I just came back from a party I went to, mostly to keep my extroverted boyfriend happy, but I ended up having a good time. There was a guest there who I hopefully didn’t stare at too much. I’m bad about staring at people. I blame it on being a writer; often I notice things about people that trigger some writerly thoughts. There’s something about the way they are dressed or carrying themselves that gives me an idea, and I want to stare to imprint the idea into my head, to fully process it, sometimes even to consciously understand what is unconsciously appealing about them. Of course, at the same time I don’t want to make them uncomfortable, so I keep finding my eyes drawn to them when I’m bored, catching myself and looking away in a way that I’m sure people notice. In this case I felt particularly awkward, because she had vitiligo.
Vitiligo is a condition where certain patches of the body lose pigment over time. The extremities and face tend to change first, so it’s very visible. It’s occasionally associated with more severe diseases, and can cause some stigma and insecurity, but in and of itself, it isn’t dangerous, nor is it contagious. What made drew my writer’s eye wasn’t the vitiligo itself, but the fact that she was very pretty. And I don’t mean pretty despite her vitiligo, or would be pretty if not for the vitiligo. She had vitiligo, and she was pretty, and I was trying to figure out how to describe that.
See, I’ve realized that prose has done a seriously terrible job of handling body positivity, and I don’t think it’s gotten enough finger wagging for that. Most of the criticism ends up directed at visual media, but I think in a way prose can be more destructive, and often is. The typical approach to describing characters is to declare them lovely, plain or hideous, and then offer up a list of traits that support the author’s claim. As a result, thin and blonde becomes officially beautiful, fat and freckled become officially plain, and highly unusual traits, like vitiligo, don’t get to exist at all unless the author wants an ugly character. It encourages people look at themselves like they are unassembled puzzles, and the bits writers have declared unattractive automatically outweigh the officially attractive ones.
That’s not how people actually look. Real people are composites, not only of their physical features, but also of their personalities and attitudes. Often, a larger than average nose or a scar or a rotund waistline occur in a person who, as a whole, is very good-looking. Furthermore, that’s not always the case that removing that trait would necessarily make them look better. So it was with this woman. She had light brown skin, with the area around her eyes and nose white like a raccoon’s mask in reverse, and she had a pleasant smile and soft dark eyes, a light pinkish-purple top that went well with her black hair, and she was pretty.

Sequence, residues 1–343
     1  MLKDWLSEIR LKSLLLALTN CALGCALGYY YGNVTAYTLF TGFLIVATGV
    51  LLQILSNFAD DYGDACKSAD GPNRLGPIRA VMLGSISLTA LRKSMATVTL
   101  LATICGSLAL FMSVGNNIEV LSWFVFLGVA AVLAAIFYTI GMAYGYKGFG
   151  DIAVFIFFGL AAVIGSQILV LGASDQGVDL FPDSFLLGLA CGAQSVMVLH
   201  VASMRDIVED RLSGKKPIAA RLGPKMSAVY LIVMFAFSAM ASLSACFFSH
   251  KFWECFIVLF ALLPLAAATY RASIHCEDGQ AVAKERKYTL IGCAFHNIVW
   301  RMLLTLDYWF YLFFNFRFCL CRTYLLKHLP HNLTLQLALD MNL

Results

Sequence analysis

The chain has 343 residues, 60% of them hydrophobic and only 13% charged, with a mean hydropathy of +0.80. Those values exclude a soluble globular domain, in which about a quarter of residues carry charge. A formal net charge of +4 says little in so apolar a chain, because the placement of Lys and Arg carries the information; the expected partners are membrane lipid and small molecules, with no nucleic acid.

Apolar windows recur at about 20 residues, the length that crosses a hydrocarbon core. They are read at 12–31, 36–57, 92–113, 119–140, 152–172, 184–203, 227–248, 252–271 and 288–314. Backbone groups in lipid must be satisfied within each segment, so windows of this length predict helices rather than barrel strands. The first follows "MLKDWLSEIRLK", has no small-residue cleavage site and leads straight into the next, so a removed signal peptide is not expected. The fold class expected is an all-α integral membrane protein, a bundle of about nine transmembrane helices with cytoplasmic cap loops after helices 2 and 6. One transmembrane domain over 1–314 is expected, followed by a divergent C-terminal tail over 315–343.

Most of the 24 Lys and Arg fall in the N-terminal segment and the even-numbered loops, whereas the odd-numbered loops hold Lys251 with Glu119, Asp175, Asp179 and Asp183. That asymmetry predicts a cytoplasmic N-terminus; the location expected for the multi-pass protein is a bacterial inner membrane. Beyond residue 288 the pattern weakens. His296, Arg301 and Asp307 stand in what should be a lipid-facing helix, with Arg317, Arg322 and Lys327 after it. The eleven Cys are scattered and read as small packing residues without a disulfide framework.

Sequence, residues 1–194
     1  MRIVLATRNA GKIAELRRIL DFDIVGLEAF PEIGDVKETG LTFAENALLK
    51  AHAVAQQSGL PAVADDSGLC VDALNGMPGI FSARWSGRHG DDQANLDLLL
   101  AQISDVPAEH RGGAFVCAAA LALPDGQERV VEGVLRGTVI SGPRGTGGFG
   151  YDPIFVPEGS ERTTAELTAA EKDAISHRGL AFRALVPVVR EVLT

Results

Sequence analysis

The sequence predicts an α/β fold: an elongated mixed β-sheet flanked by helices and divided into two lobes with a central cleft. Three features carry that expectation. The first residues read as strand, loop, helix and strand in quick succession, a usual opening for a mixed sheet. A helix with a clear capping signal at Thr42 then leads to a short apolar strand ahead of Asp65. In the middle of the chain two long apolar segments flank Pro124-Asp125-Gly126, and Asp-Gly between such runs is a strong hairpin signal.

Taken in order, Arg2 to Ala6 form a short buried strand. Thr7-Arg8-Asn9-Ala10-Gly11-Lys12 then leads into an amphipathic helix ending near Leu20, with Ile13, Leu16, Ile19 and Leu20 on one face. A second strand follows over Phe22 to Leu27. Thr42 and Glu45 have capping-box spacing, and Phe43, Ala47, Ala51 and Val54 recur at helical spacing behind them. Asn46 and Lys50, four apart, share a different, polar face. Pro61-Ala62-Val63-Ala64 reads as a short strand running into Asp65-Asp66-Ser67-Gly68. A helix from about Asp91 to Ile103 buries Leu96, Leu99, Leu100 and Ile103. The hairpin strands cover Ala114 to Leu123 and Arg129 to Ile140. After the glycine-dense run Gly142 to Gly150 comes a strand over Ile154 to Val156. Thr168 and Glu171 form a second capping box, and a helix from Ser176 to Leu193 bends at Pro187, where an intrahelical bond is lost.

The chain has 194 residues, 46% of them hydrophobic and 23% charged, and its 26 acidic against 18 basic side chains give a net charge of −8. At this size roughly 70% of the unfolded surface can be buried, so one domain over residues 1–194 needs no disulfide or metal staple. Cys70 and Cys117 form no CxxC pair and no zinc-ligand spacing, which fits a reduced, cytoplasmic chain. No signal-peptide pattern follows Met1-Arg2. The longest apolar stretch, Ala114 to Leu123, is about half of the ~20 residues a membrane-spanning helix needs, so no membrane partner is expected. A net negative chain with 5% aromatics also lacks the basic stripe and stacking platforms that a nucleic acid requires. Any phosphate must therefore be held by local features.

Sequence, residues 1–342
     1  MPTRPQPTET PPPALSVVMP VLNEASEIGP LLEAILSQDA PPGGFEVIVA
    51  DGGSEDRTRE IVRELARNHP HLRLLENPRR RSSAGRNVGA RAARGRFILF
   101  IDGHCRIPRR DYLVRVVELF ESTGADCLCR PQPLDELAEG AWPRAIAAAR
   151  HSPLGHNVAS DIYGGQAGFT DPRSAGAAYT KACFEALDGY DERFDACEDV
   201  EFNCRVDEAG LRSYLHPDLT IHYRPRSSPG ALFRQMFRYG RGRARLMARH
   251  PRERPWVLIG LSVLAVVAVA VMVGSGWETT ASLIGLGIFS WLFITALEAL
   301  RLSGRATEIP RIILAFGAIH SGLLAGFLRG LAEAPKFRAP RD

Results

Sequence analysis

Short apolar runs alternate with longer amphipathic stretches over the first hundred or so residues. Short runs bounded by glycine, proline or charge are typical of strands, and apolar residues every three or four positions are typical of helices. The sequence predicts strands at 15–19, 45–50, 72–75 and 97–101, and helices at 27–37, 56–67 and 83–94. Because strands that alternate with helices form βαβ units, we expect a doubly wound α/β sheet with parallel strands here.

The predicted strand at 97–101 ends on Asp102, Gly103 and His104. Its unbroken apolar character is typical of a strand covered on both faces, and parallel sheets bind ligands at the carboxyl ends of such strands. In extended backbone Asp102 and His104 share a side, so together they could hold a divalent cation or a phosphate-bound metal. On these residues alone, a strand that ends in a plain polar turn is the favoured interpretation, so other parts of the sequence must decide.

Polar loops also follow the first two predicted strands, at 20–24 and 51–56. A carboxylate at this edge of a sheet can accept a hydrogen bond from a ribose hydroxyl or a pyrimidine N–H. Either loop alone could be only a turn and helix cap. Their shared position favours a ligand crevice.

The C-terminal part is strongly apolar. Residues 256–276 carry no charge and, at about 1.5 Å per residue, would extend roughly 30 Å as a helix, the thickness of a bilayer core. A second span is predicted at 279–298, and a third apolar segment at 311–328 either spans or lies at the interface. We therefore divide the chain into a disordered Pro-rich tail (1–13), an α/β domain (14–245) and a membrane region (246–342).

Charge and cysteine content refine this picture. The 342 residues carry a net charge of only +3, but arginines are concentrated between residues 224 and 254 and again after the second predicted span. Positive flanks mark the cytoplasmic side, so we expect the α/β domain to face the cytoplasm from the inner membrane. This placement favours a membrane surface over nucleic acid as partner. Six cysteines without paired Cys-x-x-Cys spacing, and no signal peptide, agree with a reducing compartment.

Visual media at least has the ability to show us people as a whole, and let us make up our own minds. Where a book would just state that Lupita Nyong’o is unattractive because her skin is too dark and Adele is unattractive because she is fat, a picture can’t hide the truth that both of these women are utterly gorgeous. I first realized this when reading a rant on how Emma Watson was too pretty to play Hermione, who was supposed to start out very ugly, and of course this was a sign of cinema giving us unrealistic standards of beauty. Hermione is described as having frizzy hair and buck teeth. Emma’s hair looked frizzy to me, and her teeth… I couldn’t really tell. Teeth have to be pretty dramatically deformed to be noteworthy, and Hermione’s parents were dentists. They would have taken care of anything worse than a slight overbite, which is often cute. Honestly most ten year olds are cute. It’s how they survive to puberty; they have faces that make adults go “awww, let me feed you.” The critic got it backwards. The movie was honest, and the book was giving us unrealistic standards of ugliness.
As I tried to avoid staring at the woman at the party, I realized I wanted to talk to her about this. I wanted to ask her if she had ever read a book with a character who had vitiligo, and how she would want to be described. I wondered whether it would make her happy to hear that I thought she was pretty, or uncomfortable; as a trans person I know many people are are uncomfortable hearing certain parts of themselves described in a positive light, and I wonder if that’s a gender dysphoria specific thing, or if it applies to other stigmatized traits. Every way of framing this sounded awkward to me, so I never asked. Instead I’ll address the question to the internet.
To anyone who is reading this, think of some part of yourself that you think a book would blindly deride. How would you feel, if you read a book with an attractive character who had that trait? Are there ways that could be described that would make you feel uncomfortable? Are there ways that would make you feel good? Do you think books have affected how you think about your appearance?